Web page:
TSQL Tuesday – One of my favorite Extended Events

In honor of TSQL Tuesday for September, the mother post is with Grant FritcheyTSQL Tuesday 166.

I wanted to share one of the Extended Events I always put on a server when I am in charge of it. It has to do with File growths and captures some important things for me. Before you say that it is in the system_health extended events session, I know that it is there. I have had system_health sessions cycle pretty fast and there are a lot of other events in that trace, so I decided to make my own for just that specific thing so that I can archive the sessions and keep the disk clean as well as pull this information into a table and analyze data in a tabular way instead of mining XE files.

Here it is for those that would like to use it as well.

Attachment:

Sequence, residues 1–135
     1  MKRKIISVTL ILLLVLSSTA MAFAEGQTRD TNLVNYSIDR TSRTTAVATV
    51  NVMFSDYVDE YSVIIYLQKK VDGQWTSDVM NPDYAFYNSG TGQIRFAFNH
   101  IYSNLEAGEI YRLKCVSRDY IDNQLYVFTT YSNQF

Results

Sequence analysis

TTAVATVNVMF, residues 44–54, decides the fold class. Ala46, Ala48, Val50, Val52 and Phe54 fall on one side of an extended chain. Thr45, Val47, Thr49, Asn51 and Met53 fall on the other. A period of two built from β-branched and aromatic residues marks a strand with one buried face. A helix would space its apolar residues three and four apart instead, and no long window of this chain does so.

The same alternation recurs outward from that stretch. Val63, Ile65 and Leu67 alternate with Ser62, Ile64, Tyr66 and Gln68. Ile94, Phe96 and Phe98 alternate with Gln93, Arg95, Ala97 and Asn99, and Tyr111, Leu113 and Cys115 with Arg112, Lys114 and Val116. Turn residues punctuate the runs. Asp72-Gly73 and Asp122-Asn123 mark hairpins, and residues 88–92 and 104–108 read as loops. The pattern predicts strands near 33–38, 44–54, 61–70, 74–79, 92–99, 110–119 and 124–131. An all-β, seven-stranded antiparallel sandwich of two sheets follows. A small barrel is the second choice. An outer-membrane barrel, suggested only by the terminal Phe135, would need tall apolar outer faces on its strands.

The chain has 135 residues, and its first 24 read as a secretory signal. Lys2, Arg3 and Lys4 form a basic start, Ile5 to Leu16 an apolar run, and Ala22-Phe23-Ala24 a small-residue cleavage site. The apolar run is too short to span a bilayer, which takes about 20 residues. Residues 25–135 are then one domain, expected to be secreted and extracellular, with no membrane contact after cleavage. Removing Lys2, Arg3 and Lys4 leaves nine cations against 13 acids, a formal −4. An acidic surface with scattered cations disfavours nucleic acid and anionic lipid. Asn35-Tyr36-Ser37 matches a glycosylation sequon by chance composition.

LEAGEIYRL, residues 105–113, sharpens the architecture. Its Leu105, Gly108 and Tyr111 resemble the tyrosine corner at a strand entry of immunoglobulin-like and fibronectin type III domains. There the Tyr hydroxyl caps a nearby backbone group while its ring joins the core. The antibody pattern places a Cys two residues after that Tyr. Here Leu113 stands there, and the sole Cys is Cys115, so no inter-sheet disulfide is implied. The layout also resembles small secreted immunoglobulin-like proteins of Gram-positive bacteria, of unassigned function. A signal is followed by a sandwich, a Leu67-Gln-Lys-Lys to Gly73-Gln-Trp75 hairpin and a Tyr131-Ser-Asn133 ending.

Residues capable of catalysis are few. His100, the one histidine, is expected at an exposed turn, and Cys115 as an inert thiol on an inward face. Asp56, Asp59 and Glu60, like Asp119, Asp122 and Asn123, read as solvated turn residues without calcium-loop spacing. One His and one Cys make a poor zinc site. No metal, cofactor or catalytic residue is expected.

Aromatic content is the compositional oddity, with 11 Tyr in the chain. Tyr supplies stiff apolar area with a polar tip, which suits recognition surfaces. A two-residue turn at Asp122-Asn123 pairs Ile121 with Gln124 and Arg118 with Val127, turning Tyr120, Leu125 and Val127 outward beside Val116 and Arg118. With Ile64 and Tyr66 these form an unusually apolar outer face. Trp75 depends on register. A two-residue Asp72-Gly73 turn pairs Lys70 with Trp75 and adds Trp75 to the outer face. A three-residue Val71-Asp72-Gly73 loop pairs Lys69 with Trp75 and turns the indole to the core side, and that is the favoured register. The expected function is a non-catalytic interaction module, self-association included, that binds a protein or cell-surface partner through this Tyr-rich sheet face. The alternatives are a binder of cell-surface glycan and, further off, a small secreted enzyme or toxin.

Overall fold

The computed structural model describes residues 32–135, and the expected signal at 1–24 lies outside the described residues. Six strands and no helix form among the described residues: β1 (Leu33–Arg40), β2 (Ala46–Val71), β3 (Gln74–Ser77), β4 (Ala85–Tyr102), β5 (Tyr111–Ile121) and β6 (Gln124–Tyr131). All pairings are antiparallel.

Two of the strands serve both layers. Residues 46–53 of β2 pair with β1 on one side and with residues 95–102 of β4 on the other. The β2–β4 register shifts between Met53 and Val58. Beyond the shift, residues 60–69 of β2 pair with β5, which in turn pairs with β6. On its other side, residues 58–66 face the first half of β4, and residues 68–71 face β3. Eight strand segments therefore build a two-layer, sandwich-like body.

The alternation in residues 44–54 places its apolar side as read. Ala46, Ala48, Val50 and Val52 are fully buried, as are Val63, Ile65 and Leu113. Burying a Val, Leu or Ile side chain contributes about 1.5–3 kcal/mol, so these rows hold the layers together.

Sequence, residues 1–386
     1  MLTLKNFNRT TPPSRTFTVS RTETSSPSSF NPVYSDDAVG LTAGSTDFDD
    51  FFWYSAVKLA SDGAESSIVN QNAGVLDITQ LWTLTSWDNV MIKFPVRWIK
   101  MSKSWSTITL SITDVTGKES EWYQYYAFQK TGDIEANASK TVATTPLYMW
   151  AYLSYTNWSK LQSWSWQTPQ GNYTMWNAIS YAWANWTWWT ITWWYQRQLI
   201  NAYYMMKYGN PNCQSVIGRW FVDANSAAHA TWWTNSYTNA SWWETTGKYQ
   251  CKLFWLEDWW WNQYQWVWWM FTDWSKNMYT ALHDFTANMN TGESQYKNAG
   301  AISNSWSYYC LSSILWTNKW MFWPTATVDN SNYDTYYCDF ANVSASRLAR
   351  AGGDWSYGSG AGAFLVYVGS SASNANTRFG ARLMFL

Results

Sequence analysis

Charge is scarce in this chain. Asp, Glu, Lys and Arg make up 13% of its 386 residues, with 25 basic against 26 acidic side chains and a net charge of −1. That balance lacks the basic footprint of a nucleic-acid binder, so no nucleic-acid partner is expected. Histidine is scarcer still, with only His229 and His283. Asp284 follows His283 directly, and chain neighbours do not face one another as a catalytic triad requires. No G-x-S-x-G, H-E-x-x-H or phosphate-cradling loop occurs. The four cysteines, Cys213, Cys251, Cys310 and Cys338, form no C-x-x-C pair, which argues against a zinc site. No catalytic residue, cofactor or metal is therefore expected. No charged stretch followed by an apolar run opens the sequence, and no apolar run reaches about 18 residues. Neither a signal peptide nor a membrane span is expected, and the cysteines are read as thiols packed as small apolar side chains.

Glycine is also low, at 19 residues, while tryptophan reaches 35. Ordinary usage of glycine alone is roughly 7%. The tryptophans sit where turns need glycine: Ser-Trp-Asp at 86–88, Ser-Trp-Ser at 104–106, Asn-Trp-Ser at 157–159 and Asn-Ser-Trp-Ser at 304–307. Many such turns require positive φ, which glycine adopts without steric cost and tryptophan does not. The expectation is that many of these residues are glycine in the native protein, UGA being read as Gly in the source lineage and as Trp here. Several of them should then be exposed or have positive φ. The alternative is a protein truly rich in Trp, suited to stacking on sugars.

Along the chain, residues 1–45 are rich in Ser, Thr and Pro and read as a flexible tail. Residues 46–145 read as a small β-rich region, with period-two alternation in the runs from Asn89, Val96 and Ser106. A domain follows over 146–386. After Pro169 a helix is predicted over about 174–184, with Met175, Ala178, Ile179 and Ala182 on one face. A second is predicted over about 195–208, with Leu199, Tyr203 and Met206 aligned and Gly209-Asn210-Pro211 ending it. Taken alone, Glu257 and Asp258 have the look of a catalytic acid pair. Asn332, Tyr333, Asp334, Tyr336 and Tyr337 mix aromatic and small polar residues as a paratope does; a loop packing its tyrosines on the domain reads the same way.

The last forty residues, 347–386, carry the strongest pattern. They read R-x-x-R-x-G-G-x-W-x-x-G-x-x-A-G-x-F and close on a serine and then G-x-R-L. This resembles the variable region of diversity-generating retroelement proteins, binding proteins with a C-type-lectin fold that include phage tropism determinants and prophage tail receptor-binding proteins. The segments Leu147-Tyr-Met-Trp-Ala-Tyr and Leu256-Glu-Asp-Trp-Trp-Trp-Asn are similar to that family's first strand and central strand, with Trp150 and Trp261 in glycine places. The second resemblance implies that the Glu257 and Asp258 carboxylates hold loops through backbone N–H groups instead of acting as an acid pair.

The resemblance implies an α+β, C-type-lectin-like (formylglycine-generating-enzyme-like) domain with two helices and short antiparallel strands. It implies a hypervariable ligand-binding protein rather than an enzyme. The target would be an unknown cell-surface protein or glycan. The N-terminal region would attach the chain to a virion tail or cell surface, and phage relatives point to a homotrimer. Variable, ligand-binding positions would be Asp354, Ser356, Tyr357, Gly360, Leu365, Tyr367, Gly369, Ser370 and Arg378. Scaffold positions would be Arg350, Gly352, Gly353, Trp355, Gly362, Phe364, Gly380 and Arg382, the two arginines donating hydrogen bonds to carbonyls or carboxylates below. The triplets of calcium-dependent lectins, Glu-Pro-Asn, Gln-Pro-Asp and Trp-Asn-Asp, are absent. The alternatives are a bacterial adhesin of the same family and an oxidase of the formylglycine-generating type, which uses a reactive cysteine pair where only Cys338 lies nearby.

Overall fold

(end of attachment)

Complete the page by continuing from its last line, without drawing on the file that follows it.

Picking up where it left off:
You will notice that the events that are captured are sqlserver.database_file_size_change and sqlserver.databases_log_file_size_changed (yes, it is weird to have the names be so different. The first one has no (s) on database_file_size_change and the second there is no (d) on change. On the log file size change it is database(s) plural and change(d). Not sure what the significance of that is, but it is not intuitive to find in XE. These events are available from SQL 2012 and onwards. They do not exist in SQL 2008R2.

What do I get out of this?

Notice that in the first graphic I have marked it up. You get a lot of things out of this data.
* Database Name / Filename
* File Type
* Duration of the growth
* Size change in KB

I carry a mantra that if you keep all files from growing (proactive maintenance of files) then you can grow them automatedly but at a time when it is more conducive to grow it and not in the middle of a great big transaction. Automation is how you get the most out of your day without the heavy lifting that many DBAs still have as part of their DBA careers.

Happy TSQL Tuesday from the Ducks on my side of the pond.

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